Raymond D. Parks: In Memory

Brandon Reed

Brandon Reed

By Brandon Reed
Posted in Columns 6/21/10

Of the late Glenn “Fireball” Roberts passing, sports writer Max Muhleman once wrote that it was like waking up to find that a mountain that had always been there was suddenly gone.

That’s how members of the Georgia racing community felt Sunday after learning of the passing of Mr. Raymond Parks.

Mr. Parks passed away in his sleep early Sunday morning at his home in Atlanta.  He had celebrated his 96th birthday just two weeks prior.

Mr. Parks was respected by so many people, not just around the state of Georgia, but also throughout the racing world.  Richard Petty, Junior Johnson and the late Dale Earnhardt were among the luminaries who spoke of his great contributions.  Earlier this month, David Pearson took the stand that he won’t go into NASCAR’s new hall of fame until Mr. Parks is honored.  That from one of the all time greats in auto racing.

Raymond D. Parks - June 5, 1914 - June 20, 2010. Photo by Brandon Reed

Born in Dawsonville, Georgia, in poor surroundings, Mr. Parks left home to make his way in the world.  He hauled moonshine out of the hills and into Atlanta.  From that, he would build a series of businesses that would eventually lead him into the world of auto racing.

Mr. Parks was a quiet person, but his presence spoke volumes.  He was also a modest person who didn’t tout his accomplishments.  But oh, what accomplishments!

Think about these milestones in history that Mr. Parks was a part of for a moment.  When the first major event for the types of automobiles that would evolve into modern day stock cars were held at the famed Lakewood Speedway in 1938, not only was Mr. Parks there, but his car won.  It was piloted by his cousin, famed moonrunner Lloyd Seay.

Mr. Parks and his cars dominated Daytona Beach in a way nobody ever will again.  Between 1940 and 1950, nobody won on the beach more, with drivers such as Seay, Roy Hall, Bob Flock and Red Byron recording the wins at Lakewood Speedway, Langhorne in Pennsylvania, and countless other tracks all over the east coast.

During the war, Mr. Parks served with the 99th Infantry at the Battle of the Bulge.

After the war, Mr. Parks again went racing.  Fonty Flock would pilot Mr. Parks’ car, meticulously wrenched by famed Atlanta mechanic Red Vogt, to the 1947 NSCC modified championship, a Bill France run pre-curser to NASCAR.

When NASCAR itself began, Mr. Parks was one of its big supporters along with being one of its main competitors.  His cars would win the first NASCAR event, held at Daytona Beach in 1948, along with the first two titles, for modifieds in 1948 and in the strictly stock division, which is now called Sprint Cup, in 1949.

Mr. Parks was there when the first race was run at Darlington, South Carolina.  Photos show him changing tires on Red Byron’s car in an effort to help his team win.  The teams went through so many tires that they began “appropriating” them from passenger vehicles parked in the infield.

But more important than his accomplishments was the support he gave to the sport.  Although Mr. Parks didn’t go out of his way to talk about it, it’s common knowledge that when Big Bill France ran out of money to cover the purses or other expenses in NASCAR, Mr. Parks would make sure things were covered.  He’d even go so far as to provide pace cars for NASCAR events.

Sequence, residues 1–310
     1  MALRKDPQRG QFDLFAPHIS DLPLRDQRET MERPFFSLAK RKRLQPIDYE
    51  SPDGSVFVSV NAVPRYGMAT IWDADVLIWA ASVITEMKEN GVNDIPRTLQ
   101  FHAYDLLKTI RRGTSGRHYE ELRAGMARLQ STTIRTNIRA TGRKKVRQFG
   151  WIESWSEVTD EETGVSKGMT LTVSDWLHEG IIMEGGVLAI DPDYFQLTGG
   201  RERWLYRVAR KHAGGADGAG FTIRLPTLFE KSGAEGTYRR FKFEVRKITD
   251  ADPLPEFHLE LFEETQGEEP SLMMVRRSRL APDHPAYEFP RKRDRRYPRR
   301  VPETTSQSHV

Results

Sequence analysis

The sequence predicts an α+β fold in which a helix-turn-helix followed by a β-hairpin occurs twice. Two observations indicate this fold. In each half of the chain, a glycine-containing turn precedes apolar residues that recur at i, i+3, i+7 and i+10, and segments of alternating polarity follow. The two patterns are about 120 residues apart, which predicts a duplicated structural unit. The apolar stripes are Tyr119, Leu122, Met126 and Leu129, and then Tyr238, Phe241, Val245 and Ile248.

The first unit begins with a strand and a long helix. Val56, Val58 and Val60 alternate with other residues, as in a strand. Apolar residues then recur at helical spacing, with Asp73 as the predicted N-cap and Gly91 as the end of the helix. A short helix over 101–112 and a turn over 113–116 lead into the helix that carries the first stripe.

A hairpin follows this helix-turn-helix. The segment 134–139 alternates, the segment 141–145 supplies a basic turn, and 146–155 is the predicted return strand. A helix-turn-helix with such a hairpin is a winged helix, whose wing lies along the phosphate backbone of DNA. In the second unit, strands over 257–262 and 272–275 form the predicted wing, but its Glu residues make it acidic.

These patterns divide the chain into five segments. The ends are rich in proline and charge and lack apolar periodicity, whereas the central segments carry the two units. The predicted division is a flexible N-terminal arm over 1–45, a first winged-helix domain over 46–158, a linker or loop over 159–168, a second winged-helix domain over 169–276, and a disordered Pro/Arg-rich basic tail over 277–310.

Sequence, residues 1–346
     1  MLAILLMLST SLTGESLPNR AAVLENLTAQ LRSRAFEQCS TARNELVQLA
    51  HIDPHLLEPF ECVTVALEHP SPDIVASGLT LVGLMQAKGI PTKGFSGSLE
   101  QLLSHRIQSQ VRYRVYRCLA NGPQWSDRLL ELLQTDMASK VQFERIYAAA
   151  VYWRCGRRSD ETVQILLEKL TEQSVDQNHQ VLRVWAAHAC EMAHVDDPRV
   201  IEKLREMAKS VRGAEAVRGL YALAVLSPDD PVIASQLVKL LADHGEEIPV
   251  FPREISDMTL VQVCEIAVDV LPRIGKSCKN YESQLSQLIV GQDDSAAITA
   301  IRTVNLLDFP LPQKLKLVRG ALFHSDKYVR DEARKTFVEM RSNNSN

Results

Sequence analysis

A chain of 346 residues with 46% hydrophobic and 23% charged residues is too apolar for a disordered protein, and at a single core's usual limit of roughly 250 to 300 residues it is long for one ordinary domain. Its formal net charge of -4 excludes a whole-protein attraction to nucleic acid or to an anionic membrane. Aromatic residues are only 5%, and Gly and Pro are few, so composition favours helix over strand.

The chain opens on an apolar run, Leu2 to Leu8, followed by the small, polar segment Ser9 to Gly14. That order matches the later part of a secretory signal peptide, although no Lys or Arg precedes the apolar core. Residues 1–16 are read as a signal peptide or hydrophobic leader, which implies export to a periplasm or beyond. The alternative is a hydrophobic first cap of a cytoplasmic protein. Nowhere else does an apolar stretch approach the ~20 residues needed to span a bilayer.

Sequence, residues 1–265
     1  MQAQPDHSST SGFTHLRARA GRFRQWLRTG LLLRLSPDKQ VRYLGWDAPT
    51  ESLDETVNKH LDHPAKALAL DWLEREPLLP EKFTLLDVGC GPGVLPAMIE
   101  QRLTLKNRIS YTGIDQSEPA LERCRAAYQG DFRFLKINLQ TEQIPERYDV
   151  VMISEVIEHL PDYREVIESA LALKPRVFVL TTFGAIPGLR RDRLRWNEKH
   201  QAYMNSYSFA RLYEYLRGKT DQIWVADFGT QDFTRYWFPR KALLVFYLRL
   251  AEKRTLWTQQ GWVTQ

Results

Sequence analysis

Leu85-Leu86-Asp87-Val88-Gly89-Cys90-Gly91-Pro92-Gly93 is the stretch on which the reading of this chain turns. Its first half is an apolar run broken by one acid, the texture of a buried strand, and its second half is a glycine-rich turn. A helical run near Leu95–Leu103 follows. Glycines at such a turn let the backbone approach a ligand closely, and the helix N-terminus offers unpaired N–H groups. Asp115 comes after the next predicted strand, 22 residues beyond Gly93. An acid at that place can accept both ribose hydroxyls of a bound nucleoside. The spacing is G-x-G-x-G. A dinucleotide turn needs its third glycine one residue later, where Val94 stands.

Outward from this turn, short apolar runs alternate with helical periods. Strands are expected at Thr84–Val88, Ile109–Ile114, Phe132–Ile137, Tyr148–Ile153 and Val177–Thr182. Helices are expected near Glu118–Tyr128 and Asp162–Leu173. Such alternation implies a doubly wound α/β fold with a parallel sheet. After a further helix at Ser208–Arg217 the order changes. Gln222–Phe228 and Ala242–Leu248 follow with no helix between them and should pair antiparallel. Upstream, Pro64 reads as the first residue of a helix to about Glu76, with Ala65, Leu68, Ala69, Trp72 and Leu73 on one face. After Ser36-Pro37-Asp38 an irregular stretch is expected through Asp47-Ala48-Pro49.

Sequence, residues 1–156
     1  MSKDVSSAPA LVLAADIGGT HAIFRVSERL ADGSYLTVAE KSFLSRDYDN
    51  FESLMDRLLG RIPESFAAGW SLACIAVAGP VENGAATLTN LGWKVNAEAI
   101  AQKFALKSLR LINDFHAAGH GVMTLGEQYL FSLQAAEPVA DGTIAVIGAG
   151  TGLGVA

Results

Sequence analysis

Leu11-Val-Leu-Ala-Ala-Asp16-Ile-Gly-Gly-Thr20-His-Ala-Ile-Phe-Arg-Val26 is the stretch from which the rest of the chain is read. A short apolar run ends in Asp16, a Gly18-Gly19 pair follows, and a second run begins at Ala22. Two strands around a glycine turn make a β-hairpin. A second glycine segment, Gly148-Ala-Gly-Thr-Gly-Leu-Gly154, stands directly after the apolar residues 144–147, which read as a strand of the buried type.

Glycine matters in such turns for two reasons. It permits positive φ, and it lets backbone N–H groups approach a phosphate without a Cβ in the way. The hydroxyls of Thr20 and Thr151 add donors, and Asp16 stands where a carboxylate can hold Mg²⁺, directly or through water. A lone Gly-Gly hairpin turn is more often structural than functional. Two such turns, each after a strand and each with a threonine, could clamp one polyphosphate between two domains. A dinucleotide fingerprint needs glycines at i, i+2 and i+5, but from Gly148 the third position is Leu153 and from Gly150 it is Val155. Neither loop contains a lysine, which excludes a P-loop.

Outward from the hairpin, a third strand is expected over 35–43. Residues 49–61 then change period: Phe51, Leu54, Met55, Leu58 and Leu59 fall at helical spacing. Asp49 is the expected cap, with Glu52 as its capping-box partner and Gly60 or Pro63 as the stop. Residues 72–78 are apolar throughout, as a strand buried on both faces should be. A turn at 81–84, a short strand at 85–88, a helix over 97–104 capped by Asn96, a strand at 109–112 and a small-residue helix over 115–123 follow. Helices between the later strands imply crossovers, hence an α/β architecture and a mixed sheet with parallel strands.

In addition, he set an example for those that came after him.  His perfectly presented cars, his poise and his professionalism set standards that we see even today.  So many people tell me today how his influence molded what they did and what they do, ranging from fellow Georgia Racing Hall of Fame members Jimmy Mosteller and Tommie Irvin to drivers who met him years later.

For me, one of my proudest moments came almost one year ago at the second annual Lakewood Speedway reunion at the Georgia Racing Hall of Fame in Dawsonville, Georgia.  The day was also proclaimed “Raymond Parks Day” in his native Dawson County and in the city of Dawsonville.

I was asked to emcee the event honoring Mr. Parks.  I welcomed everyone, introduced local dignitaries and spoke a little about Mr. Parks history and his importance to us there at the Hall of Fame.

Afterwards, Mr. Parks’ wife, Violet reached me before anybody else.  She told me that she and Mr. Parks had enjoyed that ceremony even more than his recent induction in the International Motorsports Hall of Fame at Talladega, and thanked me for the job I had done as emcee.

Before she returned to Mr. Parks side, she took my hand and placed in it one of Mr. Parks business cards.  He had signed it on the back.

To me, that stands as the highest praise I have ever received, and is one of the greatest honors I could ever have been bestowed.

The words that I said to close that event were unrehearsed and from the heart.

Many have called Raymond Parks the Godfather of NASCAR.  But I’ll take that one step farther.  Mr. Parks is the Godfather of Georgia automobile racing.

Mr. Parks, from the bottom of my heart, and on behalf of every member of the Georgia racing family and from racing enthusiasts everywhere, thank you for all you’ve done for racing, and thank you for being a part of our lives.

Godspeed, Mr. Parks.

Brandon Reed is the editor and webmaster of Georgia Racing History.com.


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